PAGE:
Commonwealth Strategy Group
VOS continues to work with the Medical Society of Virginia and other physician specialty groups to explore potential policy options to address balance billing. In August, the Health Insurance Reform Commission (HIRC) made it clear that balance billing and its impact on patients is a serious issue in Virginia. The legislators on the HIRC directed the relevant stakeholders to come up with a solution or the General Assembly would provide its own solution. As a result, we have had several meetings with our physician colleagues, hospitals and representatives from the health plans.
The provider community has met twice with the health plans to discuss potential solutions and determine if there is any common ground. It appears that all the parties agree that there should be notification to a patient when non-emergent services may be out-of-network. We are working to determine what that notification entails and what the consequences are when a patient is not given proper notice. The biggest area of contention right now is how to handle situations when a hospital is in-network, but the physicians providing emergency services in the hospital are out-of-network. The HIRC has expressed the most concern over this scenario – mainly because the patient has no choice in the matter when they are seeking emergency care. The physician community wants to hold patients financially harmless in this scenario, but still preserve the ability to negotiate a fair and reasonable rate with health plans. We are currently exploring an option that would define usual and customary rates as the regional average of payments for emergency services.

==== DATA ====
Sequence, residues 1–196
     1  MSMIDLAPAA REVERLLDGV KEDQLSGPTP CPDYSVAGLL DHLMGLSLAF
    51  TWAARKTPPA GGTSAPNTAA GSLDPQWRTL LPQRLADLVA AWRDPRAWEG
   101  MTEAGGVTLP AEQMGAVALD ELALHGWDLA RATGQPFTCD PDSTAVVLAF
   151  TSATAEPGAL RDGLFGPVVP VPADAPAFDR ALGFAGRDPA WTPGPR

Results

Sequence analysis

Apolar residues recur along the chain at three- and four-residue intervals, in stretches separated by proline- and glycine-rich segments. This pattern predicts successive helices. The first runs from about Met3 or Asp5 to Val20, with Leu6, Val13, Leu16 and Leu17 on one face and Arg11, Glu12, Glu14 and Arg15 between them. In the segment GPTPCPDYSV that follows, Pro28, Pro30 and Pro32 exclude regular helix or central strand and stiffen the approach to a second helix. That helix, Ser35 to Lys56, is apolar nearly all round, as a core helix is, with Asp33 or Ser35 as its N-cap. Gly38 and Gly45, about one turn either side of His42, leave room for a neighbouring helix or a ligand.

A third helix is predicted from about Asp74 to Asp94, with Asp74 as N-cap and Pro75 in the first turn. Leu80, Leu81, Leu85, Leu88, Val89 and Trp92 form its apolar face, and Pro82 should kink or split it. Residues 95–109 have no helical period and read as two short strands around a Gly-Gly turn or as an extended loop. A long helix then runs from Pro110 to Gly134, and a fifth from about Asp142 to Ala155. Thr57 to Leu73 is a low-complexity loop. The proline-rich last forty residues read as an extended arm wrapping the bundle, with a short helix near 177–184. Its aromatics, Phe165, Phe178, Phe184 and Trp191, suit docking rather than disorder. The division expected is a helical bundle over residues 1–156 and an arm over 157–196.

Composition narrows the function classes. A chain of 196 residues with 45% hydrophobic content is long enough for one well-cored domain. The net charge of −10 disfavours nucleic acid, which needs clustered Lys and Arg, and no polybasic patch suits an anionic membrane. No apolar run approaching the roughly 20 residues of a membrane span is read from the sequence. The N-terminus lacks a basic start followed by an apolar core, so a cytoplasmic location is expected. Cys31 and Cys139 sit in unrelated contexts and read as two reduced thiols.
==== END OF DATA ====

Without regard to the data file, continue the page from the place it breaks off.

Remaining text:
VOS’s lobbyists recently met with Senator Ryan McDougle, who is on the Health Insurance Reform Commission and is the Chair of the Senate Republican Caucus. He was very clear that it is illogical that a hospital would be “in-network” but the physicians working there would be “out-of-network.” He believes the easiest solution is to require hospitals to only contract with or employ physicians who accept the same health plans as the hospital. Senator McDougle indicated that he’s willing to consider other ideas, but so far he has not heard anything that would be as effective or simple as this requirement. He acknowledged that this type of requirement could unfairly tip the scales in negotiations, but that is not his concern. Senator McDougle, like his colleagues on the HIRC, are primarily focused on how to protect the patients from a surprise/balance bill. This meeting reiterates that the physician community is not in a position to prevent an adverse outcome at the General Assembly, but rather in a position where we must do what we can to minimize the adverse outcome.
We will continue to keep you updated with potential policy proposals and developments in our stakeholder discussions.